Solution 1

class OperationInvalidException(Exception):
    pass


class Operation(object):
    def __init__(self, *args):
        self.args = args

    def operate(self):
        raise NotImplementedError()


class AddOperation(Operation):

    def operate(self):
        return sum(self.args)


class SubtractOperation(Operation):

    def operate(self):
        if not self.args:
            return 0
        return self.args[0] - sum(self.args[1:])


class Calculator(object):

    def __init__(self, operations):
        self.operations = operations

    def calculate(self, *args):
        numbers, operation = args[:-1], args[-1]
        if operation not in self.operations:
            raise OperationInvalidException
        operation = self.operations[operation](*numbers)
        return operation.operate()

You'll need to build a better version of your calculator using OOP and inheritance:
A calculator can be built with different operations. An Operation is an abstract class for which you'll define
subclasses.

Example:

calc1 = Calculator(operations={
    'add': AddOperation,
    'subtract': SubtractOperation})

calc2 = Calculator(operations={
    'add': AddOperation})

The calculator has 1 generic method calculate that will receive the arguments
and the operation to perform. For example:

calc1.calculate(2, 1, 5, 'add')  # Should return 2 + 1 + 5 = 8
calc2.calculate(1, 5, 'add')  # Should return 1 + 5 = 6

IMPORTANT: The number of arguments should be variable

The Calculator will check if it has that computation present and
invoke the operation. Operations are initialized with the arguments to compute:

op = AddOperation(2, 1, 5)

Once you have an operation object created you should be able to invoke the operate
method PRESENT IN EVERY OPERATION.

op.operate()  # Should return 8

Important notes:
The only method that you must implement for every operation (descendant from Operation) is the operate method.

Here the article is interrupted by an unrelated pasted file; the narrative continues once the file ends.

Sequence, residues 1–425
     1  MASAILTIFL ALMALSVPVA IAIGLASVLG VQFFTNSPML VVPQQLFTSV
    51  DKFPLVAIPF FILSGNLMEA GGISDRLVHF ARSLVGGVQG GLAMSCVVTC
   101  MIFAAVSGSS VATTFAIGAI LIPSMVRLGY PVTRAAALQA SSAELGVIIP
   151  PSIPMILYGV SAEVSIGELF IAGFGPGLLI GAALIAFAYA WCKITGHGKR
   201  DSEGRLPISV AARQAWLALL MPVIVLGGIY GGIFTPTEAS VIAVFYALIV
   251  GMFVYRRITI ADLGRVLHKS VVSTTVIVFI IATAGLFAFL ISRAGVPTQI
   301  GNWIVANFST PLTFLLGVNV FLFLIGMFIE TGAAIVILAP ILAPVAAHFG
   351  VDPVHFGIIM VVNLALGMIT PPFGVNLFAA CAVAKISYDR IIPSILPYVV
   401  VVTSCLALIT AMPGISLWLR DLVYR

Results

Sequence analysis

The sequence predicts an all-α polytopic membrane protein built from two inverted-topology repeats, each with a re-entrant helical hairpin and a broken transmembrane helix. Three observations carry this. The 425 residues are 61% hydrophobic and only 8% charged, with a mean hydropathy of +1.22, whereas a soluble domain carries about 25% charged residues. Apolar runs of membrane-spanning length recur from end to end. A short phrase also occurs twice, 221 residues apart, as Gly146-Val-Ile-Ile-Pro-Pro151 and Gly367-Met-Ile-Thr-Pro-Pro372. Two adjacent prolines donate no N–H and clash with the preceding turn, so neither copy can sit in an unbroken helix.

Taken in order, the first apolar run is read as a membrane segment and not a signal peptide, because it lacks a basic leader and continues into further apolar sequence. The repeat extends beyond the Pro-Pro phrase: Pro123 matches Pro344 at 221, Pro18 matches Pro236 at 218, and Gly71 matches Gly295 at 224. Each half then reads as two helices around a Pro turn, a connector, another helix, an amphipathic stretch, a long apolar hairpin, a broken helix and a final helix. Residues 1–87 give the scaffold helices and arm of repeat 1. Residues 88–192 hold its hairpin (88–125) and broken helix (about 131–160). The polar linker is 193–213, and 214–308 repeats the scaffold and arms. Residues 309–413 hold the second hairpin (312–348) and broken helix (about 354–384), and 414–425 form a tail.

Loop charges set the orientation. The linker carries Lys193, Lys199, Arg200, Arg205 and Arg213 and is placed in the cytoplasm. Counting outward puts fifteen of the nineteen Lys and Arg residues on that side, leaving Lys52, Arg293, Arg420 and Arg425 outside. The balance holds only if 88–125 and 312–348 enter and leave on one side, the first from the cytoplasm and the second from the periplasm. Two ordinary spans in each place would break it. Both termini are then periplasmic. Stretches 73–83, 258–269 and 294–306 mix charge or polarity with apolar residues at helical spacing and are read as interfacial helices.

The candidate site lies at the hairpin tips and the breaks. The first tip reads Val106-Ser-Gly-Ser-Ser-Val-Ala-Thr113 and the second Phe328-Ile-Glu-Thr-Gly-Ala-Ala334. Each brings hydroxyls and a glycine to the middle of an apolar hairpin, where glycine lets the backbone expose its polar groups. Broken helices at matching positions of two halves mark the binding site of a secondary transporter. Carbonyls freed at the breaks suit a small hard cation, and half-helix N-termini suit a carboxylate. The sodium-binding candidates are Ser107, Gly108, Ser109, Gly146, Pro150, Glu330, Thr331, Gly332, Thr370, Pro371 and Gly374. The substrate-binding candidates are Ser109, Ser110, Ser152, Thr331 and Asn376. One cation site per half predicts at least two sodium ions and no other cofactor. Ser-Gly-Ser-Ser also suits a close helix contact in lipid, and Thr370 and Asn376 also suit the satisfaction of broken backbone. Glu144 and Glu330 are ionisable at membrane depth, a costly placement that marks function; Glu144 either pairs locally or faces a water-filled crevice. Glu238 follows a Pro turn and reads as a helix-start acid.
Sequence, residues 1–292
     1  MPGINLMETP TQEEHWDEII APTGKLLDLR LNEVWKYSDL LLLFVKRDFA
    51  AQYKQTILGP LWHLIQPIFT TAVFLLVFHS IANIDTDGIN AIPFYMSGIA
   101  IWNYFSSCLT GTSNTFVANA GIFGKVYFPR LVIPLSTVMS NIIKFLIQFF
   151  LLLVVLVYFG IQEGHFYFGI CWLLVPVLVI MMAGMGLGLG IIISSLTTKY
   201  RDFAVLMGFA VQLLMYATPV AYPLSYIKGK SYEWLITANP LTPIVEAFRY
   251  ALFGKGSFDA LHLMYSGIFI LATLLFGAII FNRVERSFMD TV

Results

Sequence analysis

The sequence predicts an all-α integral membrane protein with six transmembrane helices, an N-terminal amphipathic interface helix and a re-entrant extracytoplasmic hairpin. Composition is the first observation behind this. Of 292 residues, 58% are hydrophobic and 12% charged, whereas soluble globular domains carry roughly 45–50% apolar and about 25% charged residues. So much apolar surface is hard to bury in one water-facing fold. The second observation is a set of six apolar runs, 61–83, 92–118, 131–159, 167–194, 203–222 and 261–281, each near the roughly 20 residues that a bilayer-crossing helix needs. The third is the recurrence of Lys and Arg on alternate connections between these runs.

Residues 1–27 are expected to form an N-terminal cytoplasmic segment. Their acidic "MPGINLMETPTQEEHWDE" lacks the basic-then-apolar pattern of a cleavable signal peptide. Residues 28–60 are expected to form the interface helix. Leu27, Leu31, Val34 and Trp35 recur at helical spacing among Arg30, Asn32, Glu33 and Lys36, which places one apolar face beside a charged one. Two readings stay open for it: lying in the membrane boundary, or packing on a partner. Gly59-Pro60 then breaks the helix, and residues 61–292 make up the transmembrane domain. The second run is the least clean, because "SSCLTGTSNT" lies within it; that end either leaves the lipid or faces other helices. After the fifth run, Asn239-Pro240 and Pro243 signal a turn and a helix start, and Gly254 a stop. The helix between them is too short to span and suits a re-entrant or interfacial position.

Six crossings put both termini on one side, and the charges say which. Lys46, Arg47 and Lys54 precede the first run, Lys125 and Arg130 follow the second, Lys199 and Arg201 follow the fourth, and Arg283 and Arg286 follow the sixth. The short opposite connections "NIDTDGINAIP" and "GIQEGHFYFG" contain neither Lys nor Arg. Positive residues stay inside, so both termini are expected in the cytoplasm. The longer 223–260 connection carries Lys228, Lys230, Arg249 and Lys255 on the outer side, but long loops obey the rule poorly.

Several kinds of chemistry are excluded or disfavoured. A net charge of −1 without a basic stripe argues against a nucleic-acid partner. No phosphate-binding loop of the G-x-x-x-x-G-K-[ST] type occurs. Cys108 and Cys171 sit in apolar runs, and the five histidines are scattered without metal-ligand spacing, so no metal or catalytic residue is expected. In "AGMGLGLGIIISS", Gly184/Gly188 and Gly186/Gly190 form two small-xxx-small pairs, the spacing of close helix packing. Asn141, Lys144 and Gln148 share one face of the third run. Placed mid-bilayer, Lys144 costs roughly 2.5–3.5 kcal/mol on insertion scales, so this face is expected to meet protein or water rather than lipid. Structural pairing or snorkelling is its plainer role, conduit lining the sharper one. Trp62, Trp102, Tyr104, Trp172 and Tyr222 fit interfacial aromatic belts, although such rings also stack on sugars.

If the operation is not supported by the calculator (for example invoking multiply on calc1) the calculator should raise a custom exception (built by you) named OperationInvalidException.

Test Cases

test calculator with one operation - Run Test

def test_calculator_with_one_operation():
    calc = Calculator(
        operations={
            'add': AddOperation
        }
    )

    assert calc.calculate(1, 5, 13, 2, 'add') == 21

test calculator with multiple operations - Run Test

def test_calculator_with_multiple_operations():
    calc = Calculator(
        operations={
            'add': AddOperation,
            'subtract': SubtractOperation
        }
    )
    assert calc.calculate(1, 5, 13, 2, 'add') == 21
    assert calc.calculate(13, 3, 7, 'subtract') == 3

test subtract operation - Run Test

def test_subtract_operation():
    op = SubtractOperation(10, 1, 3, 2, 1)
    assert op.operate() == 3

test calculator invoked with an invalid operation - Run Test

import pytest

def test_calculator_invoked_with_an_invalid_operation():
    calc = Calculator(
        operations={
            'add': AddOperation
        }
    )
    with pytest.raises(OperationInvalidException, message='Expecting OperationInvalidException'):
        res = calc.calculate(1, 5, 13, 2, 'INVALID')

test add operation - Run Test

def test_add_operation():
    op = AddOperation(5, 1, 8, 3, 2)
    assert op.operate() == 19
# Hint: don't forget the custom exception class Operation(object): def __init__(self, *args): # Do something here pass def operate(self): raise NotImplementedError() class AddOperation(Operation): # The only method present in this class def operate(self): pass class SubtractOperation(Operation): def operate(self): pass class Calculator(object): pass